Dario Argento follows-up the success of his lavishly inflated 'Suspiria' with a more conventional giallo formula in 'Inferno.' The stories are essentially the same, with a young American woman — here, she is Rose Elliot (Irene Miracle) — discovering a sinister secret surrounding the building in which she lives. The plot is also intended to explain and expand on the first movie, naming the witch Suzy Bannion confronted and alluding to a third entry that was never made until 2007, called 'The Mother of Tears.' The horror thriller was a stressful and troubled production for the eccentric filmmaker, trying to capture the same creative genius as his previous triumph. Although not quite matching it, the director delivers a fairly entertaining sequel that has grown in cult status on home video.
The plot is nothing special since much of what could have served as the story's mystery and suspense is quickly outlined in the first half of the movie. While living in New York, Rose reads from a book that details the history of three evil sisters, each one influencing the world with sorrow, tears and darkness. At the same time, Rose's brother, Mark (Leigh McCloskey), experiences weird visions and his classmate, Sara (Eleonora Giorgi), is soon murdered. Typical of the genre, the attacker is shrouded in darkness and conveniently lurking in the shadows, ready to pounce at any minute. But this being a spooky tale of witches, the killer comes with ugly, hoary hands and long fingernails. Also, anything can be used to murder and maim, including a hotdog vendor in Central Park and a horde of alley cats.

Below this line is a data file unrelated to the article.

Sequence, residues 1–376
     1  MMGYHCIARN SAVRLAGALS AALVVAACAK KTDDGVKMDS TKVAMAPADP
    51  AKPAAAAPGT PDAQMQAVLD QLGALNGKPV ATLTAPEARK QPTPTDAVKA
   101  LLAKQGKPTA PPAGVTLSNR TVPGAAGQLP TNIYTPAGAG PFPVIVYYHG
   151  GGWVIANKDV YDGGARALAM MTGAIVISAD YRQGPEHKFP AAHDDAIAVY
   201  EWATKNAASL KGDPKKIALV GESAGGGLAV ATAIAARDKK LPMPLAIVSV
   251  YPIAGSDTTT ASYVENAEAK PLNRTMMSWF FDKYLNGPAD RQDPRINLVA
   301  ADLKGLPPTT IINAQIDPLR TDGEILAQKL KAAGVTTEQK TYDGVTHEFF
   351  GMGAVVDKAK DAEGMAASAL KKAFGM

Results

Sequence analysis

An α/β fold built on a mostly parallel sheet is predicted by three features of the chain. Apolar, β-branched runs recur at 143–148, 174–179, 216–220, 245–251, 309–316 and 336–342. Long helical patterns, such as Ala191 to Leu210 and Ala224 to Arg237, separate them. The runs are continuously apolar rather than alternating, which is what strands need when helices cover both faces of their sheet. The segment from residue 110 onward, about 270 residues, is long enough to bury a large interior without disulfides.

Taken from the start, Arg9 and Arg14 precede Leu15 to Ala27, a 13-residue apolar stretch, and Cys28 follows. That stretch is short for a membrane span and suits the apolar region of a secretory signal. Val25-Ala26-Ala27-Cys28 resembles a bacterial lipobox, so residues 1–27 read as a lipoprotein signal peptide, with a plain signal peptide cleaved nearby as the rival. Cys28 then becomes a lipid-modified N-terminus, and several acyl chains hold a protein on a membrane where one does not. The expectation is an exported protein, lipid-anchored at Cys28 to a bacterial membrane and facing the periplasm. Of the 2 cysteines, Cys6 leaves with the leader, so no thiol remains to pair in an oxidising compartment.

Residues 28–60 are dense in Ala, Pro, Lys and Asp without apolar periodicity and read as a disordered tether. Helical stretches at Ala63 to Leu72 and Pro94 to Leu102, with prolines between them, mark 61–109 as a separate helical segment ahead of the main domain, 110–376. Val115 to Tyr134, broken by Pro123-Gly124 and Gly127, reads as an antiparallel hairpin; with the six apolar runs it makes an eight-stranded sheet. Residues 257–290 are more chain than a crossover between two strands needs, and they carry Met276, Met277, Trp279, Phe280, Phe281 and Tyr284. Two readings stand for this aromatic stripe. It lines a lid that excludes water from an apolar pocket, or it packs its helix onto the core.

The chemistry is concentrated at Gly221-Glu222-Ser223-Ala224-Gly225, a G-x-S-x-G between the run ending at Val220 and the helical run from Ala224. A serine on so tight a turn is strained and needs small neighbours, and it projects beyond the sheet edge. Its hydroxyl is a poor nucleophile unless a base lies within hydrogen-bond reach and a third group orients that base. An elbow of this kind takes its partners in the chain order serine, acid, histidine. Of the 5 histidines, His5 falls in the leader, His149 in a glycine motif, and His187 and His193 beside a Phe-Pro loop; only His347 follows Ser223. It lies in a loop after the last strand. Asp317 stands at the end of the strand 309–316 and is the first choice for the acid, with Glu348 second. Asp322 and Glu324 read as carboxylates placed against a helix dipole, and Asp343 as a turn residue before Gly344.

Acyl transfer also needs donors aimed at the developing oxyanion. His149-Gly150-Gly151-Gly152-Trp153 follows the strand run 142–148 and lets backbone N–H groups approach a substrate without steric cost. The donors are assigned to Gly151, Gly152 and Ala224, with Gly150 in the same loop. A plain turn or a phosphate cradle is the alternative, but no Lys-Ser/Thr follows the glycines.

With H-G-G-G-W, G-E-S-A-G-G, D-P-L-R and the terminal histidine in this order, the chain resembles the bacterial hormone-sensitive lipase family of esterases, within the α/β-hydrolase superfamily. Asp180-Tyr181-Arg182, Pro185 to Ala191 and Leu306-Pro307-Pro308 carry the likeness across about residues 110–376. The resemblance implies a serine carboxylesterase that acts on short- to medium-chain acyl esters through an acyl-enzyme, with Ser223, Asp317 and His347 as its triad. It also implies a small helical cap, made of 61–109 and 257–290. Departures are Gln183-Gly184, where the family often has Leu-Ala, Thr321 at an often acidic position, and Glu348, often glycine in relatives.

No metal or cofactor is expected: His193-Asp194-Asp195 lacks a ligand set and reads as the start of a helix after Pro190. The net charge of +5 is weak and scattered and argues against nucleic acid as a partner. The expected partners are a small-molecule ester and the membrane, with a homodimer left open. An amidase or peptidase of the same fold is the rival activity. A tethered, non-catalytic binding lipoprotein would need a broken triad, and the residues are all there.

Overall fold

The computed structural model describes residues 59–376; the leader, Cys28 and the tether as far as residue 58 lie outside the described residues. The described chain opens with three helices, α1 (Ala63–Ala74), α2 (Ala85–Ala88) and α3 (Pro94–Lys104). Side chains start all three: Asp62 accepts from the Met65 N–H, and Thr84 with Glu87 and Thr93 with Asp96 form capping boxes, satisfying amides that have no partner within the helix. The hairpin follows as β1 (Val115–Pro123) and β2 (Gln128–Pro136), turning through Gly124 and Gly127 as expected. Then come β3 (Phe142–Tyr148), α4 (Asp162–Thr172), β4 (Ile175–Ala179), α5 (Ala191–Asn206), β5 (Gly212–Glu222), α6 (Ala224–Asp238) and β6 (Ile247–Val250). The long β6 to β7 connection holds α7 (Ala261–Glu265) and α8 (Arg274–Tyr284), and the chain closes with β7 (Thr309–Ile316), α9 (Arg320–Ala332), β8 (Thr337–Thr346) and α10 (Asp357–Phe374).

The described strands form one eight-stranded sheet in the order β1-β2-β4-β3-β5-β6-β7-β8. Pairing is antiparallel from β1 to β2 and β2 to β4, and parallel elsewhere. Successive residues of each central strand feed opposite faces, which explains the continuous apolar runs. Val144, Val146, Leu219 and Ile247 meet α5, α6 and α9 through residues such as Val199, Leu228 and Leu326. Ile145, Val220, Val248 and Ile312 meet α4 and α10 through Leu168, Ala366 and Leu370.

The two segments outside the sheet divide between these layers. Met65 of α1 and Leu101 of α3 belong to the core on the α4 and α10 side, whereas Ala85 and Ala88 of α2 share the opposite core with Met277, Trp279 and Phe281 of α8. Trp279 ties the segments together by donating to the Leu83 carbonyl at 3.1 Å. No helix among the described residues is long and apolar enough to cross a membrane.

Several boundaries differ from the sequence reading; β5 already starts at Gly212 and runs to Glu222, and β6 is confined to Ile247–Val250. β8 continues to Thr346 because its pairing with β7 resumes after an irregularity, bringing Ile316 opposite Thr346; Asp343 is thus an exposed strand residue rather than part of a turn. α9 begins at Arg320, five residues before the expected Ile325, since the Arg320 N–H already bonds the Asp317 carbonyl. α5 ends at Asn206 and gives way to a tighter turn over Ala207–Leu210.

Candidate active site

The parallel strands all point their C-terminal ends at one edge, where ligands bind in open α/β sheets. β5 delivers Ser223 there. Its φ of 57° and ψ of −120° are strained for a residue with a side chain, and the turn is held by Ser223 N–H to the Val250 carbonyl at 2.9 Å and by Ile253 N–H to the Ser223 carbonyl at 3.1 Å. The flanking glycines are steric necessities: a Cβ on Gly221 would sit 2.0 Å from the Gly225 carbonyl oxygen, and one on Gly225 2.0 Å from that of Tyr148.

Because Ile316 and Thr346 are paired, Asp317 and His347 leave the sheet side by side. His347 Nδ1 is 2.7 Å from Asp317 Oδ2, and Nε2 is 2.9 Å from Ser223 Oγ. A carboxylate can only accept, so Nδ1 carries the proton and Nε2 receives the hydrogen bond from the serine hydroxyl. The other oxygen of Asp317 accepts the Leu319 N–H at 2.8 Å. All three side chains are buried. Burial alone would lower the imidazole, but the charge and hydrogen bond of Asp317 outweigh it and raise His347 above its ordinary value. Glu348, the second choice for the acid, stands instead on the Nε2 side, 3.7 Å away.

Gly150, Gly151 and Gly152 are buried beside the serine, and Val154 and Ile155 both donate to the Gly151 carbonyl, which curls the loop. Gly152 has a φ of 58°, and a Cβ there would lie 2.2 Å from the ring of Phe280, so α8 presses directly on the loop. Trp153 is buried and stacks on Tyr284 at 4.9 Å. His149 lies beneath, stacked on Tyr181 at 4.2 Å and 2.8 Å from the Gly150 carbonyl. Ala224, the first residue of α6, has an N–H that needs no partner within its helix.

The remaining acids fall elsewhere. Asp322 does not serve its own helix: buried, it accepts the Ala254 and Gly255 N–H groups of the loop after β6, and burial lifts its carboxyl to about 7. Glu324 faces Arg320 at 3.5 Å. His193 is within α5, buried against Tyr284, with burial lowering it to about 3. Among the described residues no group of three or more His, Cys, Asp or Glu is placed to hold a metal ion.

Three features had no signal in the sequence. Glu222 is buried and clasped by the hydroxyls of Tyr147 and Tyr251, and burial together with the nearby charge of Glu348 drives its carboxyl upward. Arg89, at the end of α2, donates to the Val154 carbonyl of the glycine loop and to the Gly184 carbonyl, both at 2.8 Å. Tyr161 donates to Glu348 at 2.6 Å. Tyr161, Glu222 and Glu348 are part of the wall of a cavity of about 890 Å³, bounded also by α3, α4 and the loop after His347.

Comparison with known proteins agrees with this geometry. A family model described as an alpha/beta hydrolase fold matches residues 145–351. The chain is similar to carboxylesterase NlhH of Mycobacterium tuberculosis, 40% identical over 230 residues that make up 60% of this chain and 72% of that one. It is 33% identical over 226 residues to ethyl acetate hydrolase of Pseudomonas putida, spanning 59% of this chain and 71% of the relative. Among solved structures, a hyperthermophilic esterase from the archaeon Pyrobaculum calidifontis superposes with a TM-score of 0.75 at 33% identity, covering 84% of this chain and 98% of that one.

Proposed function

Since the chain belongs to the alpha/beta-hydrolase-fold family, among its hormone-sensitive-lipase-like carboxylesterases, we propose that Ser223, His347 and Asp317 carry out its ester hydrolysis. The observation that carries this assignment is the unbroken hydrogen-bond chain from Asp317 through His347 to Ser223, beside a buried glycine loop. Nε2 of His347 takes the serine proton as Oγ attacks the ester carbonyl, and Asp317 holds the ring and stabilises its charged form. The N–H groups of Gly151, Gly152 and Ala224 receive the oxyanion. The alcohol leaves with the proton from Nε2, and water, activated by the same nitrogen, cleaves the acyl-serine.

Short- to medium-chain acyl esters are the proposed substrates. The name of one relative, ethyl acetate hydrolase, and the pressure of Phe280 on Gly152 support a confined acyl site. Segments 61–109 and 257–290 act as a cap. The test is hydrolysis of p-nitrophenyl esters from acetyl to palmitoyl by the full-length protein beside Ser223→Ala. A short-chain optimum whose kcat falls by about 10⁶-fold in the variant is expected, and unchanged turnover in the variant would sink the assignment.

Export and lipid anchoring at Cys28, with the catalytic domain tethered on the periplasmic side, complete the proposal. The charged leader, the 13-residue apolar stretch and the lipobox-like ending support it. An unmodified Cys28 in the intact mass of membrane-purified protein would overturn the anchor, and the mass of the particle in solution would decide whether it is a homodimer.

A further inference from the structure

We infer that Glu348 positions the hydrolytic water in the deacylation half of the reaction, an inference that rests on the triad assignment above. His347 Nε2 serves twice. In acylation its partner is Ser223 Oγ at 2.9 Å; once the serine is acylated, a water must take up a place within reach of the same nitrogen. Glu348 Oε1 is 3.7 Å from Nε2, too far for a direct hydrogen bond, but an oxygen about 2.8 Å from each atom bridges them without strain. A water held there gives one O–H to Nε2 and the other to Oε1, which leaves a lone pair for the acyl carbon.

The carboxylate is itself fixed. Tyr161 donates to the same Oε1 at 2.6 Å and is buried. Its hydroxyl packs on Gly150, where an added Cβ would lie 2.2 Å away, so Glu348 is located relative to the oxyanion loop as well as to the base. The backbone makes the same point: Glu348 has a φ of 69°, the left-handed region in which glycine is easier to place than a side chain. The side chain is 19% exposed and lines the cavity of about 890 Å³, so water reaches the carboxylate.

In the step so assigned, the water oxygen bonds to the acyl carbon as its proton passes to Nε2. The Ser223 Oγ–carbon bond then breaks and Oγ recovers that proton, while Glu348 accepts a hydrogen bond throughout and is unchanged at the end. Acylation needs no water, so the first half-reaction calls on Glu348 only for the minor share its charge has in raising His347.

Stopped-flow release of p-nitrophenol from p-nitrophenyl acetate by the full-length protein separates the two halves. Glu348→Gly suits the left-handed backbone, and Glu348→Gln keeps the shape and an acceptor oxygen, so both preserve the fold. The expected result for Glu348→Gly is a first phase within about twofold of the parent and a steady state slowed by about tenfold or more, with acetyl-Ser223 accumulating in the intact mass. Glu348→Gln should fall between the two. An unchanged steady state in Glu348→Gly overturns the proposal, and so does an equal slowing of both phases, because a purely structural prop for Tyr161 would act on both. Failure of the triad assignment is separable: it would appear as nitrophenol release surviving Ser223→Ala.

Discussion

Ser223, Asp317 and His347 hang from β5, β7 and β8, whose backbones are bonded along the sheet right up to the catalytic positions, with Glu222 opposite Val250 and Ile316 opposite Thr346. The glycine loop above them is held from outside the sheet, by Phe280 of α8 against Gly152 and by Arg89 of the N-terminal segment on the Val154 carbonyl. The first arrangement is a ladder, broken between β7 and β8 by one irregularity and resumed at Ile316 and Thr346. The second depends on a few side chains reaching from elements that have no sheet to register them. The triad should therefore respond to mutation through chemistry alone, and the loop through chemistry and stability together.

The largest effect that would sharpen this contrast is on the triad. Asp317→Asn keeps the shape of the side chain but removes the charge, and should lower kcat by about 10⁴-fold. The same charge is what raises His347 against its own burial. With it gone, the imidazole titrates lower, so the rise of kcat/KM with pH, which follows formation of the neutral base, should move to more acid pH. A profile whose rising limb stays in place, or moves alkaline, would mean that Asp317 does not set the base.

The killing is where things become somewhat confusing, because the movie makes it seem as if characters are slaughtered for having the book in their possession. First Sara when she finds a copy in the library. Then Rose after diving for her keys in an underwater ballroom — the film's most celebrated and suspenseful segment, which is said to have been directed by Mario Bava. The antiques dealer (Sacha Pitoëff) who originally sold the hardback to Rose also meets his demise in a very bizarre method. But simply owning a copy of the book doesn't explain much since it appears readily available to the public (which doesn't make the manuscript much of an antique either). Much like the characters are mystified by the strange occurrences, viewers are left perplexed by the reasons for seeing them run around bewildered but eventually massacred.
Of course, fans don't generally watch an Argento picture for its narrative logic even though the plot holes are rather substantial. Nope, they're in it for the pretty images. The Italian horror maestro has an uncanny way of making gruesome deaths look like art pieces — wild and fantastic spectacles which are as brutally graphic as they are visually appealing. Employing the same techniques and color schemes as its predecessor, 'Inferno' makes for a grandiose exhibition of unusual camerawork and imaginative stage design mixed with Mario Bava's near-flawless optical effects. Rather than pulling the viewer out of the suspense, lighting and the use vibrant primary colors complement the film's nightmarish and ghostly visuals. And the whole thing is presented in the guise of a thriller.